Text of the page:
Cardiac/Heart Symptoms

Although heart disease is common, cardiac symptoms can be difficult to diagnose. Unfortunately cardiovascular disease is the commonest cause of death in the United Kingdom. Approximately one third of deaths in the UK are due to cardiovascular disease and 82,000 deaths are due to cornary heart disease. A large part of Dr Robinson’s cardiology practice is the evaluation of symptoms with subsequent investigation to establish if there is a cardiac basis to the symptoms and to fully assess and manage the risk that a patient may be at.

Angina/Chest Pain

Dr Robinson is an expert in the diagnosis and treatment of chest pain. There are many causes of chest pain but one is angina. This symptom may be felt as a tightness or gripping sensation in the chest, arms or neck which often develops with exercise. The symptom is associated with smoking, diabetes, hypertensionhypercholesterolaemia and physical inactivity. Investigations may include a coronary angiogramCT scannuclear perfusion scancardiac MRI or specialised echocardiogram. Treatment involves medication, coronary stent insertion or coronary bypass surgery.

For more information visit the British Heart Foundation

OCT image of coronary artery (above)
OCT image of coronary artery (above)

Breathlessness

Shortness of breath is a very common symptom. It may be due to lack of fitness and ageing. On the other hand there may be many medical conditions associated with breathlessness. These include anaemia, muscle disorders and lung abnormalities. A weakness of heart muscle causing reduced pumping strength of the heart may also cause breathlessness. The symptom may occur when patients walk but may also be noticed when lying flat, particularly at night. There may be associated swelling of the abdomen (tummy) and ankles. Breathlessness may also be caused by disease of the heart arteries with blockages in the heart arteries leading to a weak contraction of the heart. Other cardiac causes of breathlessness include heart valve disease and inherited abnormalities of the heart (cardiomyopathies).

Breathlessness

High Blood Pressure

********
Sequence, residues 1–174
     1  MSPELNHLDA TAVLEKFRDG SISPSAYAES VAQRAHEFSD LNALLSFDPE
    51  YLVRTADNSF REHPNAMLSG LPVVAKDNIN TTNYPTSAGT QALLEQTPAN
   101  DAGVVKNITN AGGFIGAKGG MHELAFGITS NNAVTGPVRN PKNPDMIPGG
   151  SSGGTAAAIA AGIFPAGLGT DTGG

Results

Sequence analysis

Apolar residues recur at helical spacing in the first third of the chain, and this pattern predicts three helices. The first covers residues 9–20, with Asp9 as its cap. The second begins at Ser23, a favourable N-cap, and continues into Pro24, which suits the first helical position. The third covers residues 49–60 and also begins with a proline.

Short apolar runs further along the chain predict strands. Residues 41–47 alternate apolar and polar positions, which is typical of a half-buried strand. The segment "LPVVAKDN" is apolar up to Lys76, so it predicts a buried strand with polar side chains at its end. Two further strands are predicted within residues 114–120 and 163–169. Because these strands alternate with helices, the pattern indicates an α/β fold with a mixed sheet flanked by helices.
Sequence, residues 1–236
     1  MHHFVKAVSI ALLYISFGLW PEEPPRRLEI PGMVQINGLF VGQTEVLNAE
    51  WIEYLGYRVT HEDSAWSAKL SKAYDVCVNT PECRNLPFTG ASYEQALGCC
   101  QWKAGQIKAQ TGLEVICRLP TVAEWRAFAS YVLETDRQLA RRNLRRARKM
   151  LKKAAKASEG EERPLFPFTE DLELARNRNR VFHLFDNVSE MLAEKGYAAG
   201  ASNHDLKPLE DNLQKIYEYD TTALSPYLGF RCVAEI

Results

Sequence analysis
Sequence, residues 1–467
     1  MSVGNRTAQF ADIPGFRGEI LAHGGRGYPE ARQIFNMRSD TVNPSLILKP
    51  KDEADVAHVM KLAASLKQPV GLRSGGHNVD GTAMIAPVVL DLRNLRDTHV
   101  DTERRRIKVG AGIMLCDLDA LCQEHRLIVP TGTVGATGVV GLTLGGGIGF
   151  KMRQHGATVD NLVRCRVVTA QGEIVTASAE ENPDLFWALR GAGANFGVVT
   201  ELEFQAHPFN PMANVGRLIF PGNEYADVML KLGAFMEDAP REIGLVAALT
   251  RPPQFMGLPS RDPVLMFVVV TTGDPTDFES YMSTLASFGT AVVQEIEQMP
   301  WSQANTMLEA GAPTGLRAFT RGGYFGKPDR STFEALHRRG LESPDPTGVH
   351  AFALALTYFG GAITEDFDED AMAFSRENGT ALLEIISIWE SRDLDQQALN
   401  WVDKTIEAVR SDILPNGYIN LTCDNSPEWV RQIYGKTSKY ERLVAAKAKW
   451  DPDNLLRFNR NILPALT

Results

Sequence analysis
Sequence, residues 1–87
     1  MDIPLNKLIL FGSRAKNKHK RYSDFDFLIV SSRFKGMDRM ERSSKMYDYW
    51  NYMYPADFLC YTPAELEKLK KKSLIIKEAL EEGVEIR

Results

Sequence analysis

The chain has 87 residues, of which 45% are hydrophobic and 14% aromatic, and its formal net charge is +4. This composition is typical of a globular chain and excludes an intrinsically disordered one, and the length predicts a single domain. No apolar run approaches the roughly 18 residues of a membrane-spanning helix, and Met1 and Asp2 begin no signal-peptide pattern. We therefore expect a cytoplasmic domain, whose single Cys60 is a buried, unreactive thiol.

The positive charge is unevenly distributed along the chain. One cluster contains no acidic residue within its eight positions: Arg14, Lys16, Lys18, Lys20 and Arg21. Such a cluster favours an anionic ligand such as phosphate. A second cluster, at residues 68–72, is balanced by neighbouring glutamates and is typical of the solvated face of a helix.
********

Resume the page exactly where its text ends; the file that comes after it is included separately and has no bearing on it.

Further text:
Dr Robinson is an expert in the treatment of hypertension and is leading the development of a program of Renal Artery Denervation for the treatment of resistant hypertension. High blood pressure is felt to be the commonest cause of ill-health world-wide. It is estimated that 5 million people in the UK have undiagnosed hypertension. High blood pressure is not usually noticed and rarely causes any symptoms. This means that careful measurement of the blood pressure is the only way to make the diagnosis. High blood pressure, left untreated, increases the risk of heart attacks, strokes and other vascular disease such as aneurysms. Hypertension is associated with being overweight, high salt intake, alcohol consumption and a family history. High blood pressure when detected, usually responds to medical therapy.

For more information visit the British Heart Foundation

Selective Angiogram of Renal Artery
Selective Angiogram of Renal Artery

Palpitations

The normal heart rhythm is generally regular and is known as sinus rhythm. There is natural variation of this sinus rhythm with exercise and anxiety. Palpitations are a sensation of the heart beating. This is a very common sensation and is most cases does not mean there is anything abnormal with heart function. Ectopic beats or ‘extra beats’ are common. They may be felt as a double beat, a missed beat or as a subsequent forceful beat. Ectopic beats are common, usually harmless and do not require treatment. A common but more important cause of palpitations is Atrial Fibrillation.

For more information visit the British Heart Foundation

Raised Cholesterol

Cholesterol is a fatty substance that is found in the body. Too much cholesterol is associated with an increased chance of developing cardiovascular disease. Cholesterol is carried around the body by proteins. The LDL (low density lipoprotein) or ‘bad cholesterol’ is harmful. The HDL (high density lipoprotein) or ‘good cholesterol’ is protective. A high level of LDL is associated with eating too much saturated fat but also may occur as an inherited abnormality. Physical activity is known to improve levels of the ‘good cholesterol’ HDL. Deciding whether to treat high cholesterol requires an overall assessment of cardiovascular risk. More accurate personalised assessment of risk can be obtained with a CT calcium score of the coronary arteries which now assists greatly in decisions regarding the use of statin therapy.

For more information visit the British Heart Foundation